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28 September 2016
Profit shouldn’t be a dirty word in drug development - Merkel’s party slumps, but don’t count her out for 2017 - Using coffee grounds to save lives - Uganda’s refugees enriched Britain. Could Syria’s do the same?
The UN High Level Panel on Access to Medicines argues in a new report that medicines would be cheaper if governments replaced markets in drug development. Yet the market-based system has been an enormous force for progress and medical innovation over the past 100 years. If the goal is to improve public health, the UN should be looking at ways to embrace the market, rather than replace it.
Angela Merkel's party, the CDU, has suffered its worst ever performance in the Berlin elections. It took only 18% of the vote, losing control of the city's government. More alarmingly for the Chancellor, the populist AfD party gained around 13% of the vote, largely thanks to its heavily anti-immigration rhetoric. What does that mean for Merkel's chances of keeping the top job in next year's federal elections?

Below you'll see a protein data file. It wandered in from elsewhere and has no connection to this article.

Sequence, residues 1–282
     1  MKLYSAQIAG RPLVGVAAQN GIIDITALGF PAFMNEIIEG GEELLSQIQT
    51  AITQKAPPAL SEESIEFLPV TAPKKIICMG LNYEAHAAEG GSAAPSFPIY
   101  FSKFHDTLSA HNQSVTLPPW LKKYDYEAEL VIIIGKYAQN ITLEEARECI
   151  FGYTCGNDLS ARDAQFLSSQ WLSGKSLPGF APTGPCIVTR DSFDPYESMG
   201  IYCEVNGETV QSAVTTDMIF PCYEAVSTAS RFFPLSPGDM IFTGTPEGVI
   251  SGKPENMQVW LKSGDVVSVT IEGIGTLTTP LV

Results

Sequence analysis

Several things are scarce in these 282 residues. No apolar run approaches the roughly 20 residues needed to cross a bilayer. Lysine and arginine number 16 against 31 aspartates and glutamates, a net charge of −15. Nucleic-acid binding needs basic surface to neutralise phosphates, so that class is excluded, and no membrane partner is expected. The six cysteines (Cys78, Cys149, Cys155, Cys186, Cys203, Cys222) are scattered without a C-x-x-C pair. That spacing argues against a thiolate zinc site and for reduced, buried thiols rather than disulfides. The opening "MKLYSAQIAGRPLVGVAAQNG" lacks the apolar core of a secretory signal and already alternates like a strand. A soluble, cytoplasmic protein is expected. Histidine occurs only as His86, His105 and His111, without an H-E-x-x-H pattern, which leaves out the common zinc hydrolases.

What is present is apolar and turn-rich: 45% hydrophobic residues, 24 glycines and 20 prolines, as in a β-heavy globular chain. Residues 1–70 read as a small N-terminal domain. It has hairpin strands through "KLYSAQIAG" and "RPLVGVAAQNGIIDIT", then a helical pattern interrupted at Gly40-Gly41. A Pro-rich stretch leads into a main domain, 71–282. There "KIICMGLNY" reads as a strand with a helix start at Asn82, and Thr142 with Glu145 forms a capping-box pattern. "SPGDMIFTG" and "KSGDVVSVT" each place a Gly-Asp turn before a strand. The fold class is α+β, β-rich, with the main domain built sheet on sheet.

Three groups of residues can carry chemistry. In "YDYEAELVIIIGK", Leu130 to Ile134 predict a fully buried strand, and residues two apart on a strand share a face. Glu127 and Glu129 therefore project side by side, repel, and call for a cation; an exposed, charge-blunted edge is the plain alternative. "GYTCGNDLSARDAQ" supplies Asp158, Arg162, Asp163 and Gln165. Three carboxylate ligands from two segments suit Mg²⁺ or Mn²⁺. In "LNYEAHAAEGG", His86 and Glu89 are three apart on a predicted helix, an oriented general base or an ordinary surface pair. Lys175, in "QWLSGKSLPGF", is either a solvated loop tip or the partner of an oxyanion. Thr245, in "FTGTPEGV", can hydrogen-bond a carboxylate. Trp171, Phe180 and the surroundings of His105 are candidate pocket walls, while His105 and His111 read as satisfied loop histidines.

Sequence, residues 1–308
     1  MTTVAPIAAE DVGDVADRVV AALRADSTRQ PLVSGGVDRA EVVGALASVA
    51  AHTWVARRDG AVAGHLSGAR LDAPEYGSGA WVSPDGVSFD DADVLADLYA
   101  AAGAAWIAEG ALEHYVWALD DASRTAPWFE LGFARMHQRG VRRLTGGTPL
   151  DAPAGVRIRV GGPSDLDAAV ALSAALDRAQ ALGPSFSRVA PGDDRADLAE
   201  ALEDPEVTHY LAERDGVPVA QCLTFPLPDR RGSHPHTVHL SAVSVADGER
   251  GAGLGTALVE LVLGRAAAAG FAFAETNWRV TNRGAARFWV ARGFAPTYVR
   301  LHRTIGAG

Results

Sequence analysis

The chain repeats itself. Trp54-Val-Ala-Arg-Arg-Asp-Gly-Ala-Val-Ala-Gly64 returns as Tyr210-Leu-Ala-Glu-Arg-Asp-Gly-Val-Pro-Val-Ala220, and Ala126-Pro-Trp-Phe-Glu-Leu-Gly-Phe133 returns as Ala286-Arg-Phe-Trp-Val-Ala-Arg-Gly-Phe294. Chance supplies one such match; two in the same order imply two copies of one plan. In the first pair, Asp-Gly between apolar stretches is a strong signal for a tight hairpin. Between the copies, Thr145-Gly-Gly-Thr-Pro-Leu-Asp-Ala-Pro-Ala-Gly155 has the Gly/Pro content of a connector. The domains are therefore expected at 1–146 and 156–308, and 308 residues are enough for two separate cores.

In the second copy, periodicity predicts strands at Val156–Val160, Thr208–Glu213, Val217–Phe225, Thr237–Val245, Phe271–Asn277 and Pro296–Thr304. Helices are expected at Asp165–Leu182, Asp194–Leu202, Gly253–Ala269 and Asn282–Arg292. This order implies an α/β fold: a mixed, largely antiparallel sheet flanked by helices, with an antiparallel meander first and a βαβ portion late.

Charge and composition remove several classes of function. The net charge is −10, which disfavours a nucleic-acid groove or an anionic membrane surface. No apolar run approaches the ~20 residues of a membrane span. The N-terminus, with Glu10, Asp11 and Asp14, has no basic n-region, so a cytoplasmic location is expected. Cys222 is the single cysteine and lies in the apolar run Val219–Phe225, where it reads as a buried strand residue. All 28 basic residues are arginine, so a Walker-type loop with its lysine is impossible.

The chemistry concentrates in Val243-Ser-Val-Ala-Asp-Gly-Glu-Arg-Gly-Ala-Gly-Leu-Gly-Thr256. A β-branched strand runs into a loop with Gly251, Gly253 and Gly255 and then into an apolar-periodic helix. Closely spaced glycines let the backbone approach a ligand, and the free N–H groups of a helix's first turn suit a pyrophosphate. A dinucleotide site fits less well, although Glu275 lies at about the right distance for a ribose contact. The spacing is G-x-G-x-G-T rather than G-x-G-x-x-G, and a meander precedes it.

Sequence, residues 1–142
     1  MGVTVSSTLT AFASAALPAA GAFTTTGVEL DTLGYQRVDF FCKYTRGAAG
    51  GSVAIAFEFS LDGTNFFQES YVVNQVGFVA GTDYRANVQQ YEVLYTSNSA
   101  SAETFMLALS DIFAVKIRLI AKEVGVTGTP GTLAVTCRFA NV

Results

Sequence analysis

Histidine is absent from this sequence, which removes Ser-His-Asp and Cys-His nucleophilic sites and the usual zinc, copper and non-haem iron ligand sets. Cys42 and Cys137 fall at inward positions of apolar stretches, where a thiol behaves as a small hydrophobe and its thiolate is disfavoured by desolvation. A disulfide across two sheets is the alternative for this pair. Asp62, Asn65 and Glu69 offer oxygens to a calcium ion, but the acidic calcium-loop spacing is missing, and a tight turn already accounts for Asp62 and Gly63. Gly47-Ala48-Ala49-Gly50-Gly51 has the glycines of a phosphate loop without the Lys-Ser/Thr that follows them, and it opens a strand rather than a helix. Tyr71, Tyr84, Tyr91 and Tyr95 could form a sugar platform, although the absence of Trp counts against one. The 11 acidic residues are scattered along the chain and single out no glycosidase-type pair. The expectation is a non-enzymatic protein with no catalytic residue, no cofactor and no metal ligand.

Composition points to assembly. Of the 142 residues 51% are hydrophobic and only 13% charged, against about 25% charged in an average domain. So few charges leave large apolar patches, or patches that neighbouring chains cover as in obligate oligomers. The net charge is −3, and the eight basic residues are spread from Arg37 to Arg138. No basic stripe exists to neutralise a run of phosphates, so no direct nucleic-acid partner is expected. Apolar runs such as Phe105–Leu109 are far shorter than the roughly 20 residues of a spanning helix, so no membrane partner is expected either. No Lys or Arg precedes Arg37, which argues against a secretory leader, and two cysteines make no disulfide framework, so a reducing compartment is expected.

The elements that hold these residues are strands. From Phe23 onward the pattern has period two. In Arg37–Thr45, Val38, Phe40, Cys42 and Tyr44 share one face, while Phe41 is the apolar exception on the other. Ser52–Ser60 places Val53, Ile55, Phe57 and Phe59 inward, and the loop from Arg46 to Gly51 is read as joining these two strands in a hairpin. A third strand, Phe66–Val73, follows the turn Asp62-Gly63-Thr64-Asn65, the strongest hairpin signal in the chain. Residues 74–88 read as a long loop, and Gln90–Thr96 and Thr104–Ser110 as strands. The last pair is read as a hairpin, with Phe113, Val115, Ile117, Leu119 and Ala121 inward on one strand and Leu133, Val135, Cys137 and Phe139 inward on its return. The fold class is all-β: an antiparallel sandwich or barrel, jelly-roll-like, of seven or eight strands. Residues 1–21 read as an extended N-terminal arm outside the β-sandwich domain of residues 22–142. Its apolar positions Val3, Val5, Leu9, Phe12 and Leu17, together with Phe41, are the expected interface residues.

Scientists have discovered an innovative way to reduce waste from the coffee industry - and at the same time help remove other toxic chemicals from the environment. By adding sugar and silicone to coffee grounds, the researchers were able to make a foamy brick that was easy to use as a filter: one test piece successfully removed 99% of lead and mercury ions from contaminated water within 30 hours.
Having been forced to leave by Uganda’s dictator Idi Amin, 27,000 Ugandan Asians were resettled in Britain in 1972. As it turned out, Amin's economic self-destruction was Britain's gain: in Leicester alone, 30,000 jobs have been created by Ugandan Asian businesses. Even as attitudes towards immigration turn more hostile, we should look to this example of how Britain was repaid for its kindness towards those in genuine need.
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